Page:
As he travels the path to wellness, Pat meets Tiffany, a young widower who knows Pat’s ex-wife. The two bond over their broken marriages, psychiatric cocktails, and general inability to fit within the confines of the outside world’s expectations. Tiffany, played by Jennifer Lawrence, sets up a bargain with Pat which brings the whole dancing storyline into play – she promises to deliver letters to his ex-wife if he will compete in a dancing competition with her for which she has no viable partner. Their relationship appears volatile on the surface, but Tiffany and Pat understand one another far better than anyone else in the film and inadvertently help each other to heal.
Also volatile is the relationship between Pat Junior and Senior. Pat Sr is a bookie with an indisputable bout of untreated OCD. He staunchly believes that his son’s presence will assure the victory of his beloved Philadelphia Eagles on game day. Though the elder Pat hates to admit it, his mental health is not as stable as he thinks – in fact, it is probably less so than that of his son. The course of the film sees them figure out how alike they really are and how to exist together in peace.
I recently watched the film for a second go round and appreciated it even more so than my initial viewing. The characters in this film are, on paper, people with whom most of us would not want to surround ourselves. But in the hands of this talented cast, we recognize their humanness, their similarities to ourselves as viewers. I initially was surprised that De Niro received an Academy Award nomination for his performance and that Jennifer Lawrence snagged an Oscar for her portrayal of Tiffany. It was certainly a phenomenal movie but Bradley Cooper’s performance was the one that most stuck with me after I first saw Silver Linings. Upon watching it again, I have a much greater appreciation for the entirety of the cast. Silver Linings’ characters are highly nuanced and difficult to make appealing, but I’d argue that they are portrayed without a hitch. I’m sure that much of that success can also be attributed to director and screenwriter David O. Russell whose ability to execute such a difficult movie is certainly commendable.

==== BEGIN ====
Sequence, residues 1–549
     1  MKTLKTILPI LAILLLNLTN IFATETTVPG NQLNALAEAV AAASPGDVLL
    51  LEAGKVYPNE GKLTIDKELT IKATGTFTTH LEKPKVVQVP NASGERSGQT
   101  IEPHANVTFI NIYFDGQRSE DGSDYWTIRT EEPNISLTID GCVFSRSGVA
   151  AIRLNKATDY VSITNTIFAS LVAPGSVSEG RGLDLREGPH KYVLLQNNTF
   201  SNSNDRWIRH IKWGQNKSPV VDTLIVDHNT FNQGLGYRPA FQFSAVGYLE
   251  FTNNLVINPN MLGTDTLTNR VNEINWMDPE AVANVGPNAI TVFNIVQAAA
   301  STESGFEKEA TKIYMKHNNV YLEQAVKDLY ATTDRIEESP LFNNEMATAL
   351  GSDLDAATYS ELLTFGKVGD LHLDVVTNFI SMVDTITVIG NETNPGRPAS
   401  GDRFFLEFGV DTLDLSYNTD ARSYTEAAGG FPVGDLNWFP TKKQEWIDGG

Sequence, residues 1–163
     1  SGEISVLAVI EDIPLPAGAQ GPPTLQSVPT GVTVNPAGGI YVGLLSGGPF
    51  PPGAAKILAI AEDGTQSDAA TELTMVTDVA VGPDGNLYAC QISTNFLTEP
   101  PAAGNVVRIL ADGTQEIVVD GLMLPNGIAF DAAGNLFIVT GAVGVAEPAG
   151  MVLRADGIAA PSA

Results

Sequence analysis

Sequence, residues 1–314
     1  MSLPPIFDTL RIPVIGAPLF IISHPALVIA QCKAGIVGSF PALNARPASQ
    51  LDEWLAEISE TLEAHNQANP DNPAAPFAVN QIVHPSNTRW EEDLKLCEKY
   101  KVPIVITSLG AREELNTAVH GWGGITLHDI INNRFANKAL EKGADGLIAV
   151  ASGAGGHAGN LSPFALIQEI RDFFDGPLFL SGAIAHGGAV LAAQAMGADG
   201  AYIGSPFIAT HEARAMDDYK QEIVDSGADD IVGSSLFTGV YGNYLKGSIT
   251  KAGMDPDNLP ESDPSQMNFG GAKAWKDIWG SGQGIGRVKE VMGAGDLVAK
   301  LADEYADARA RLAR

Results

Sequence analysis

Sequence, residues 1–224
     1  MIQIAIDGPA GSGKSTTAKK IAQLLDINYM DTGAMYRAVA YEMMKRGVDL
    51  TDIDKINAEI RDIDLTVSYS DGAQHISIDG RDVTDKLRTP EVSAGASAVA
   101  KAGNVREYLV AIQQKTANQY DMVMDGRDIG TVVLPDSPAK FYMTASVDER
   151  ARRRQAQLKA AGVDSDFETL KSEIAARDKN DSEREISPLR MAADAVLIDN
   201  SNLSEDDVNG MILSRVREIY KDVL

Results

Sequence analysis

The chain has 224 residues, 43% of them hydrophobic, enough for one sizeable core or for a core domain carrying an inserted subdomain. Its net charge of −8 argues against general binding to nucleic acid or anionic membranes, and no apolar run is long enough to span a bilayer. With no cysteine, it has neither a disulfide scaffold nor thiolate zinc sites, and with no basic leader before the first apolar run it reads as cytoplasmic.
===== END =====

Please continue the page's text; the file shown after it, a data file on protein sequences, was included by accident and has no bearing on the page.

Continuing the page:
Watching these at-times troubled people learn to exist with one another is a purely pleasurable experience. Though most movies on mental illness probably wouldn’t seem so, this is one film on the subject that is an undeniable feel-gooder. Though I’m not sure if they were playing Pat Jr.’s social ineptness for laughs, Mike and I certainly chuckled aloud at his faux-paus and the awkwardness of his exchanges with others. Silver Linings Playbook addresses the discomfort of bipolar disorder and the difficulty experienced by those who suffer from it and by their friends and family as well. But it also acknowledges that people with mental illness can find silver linings in all that difficulty, that they are capable of developing strategies and relationships which enable them to lead happy and fulfilling lives.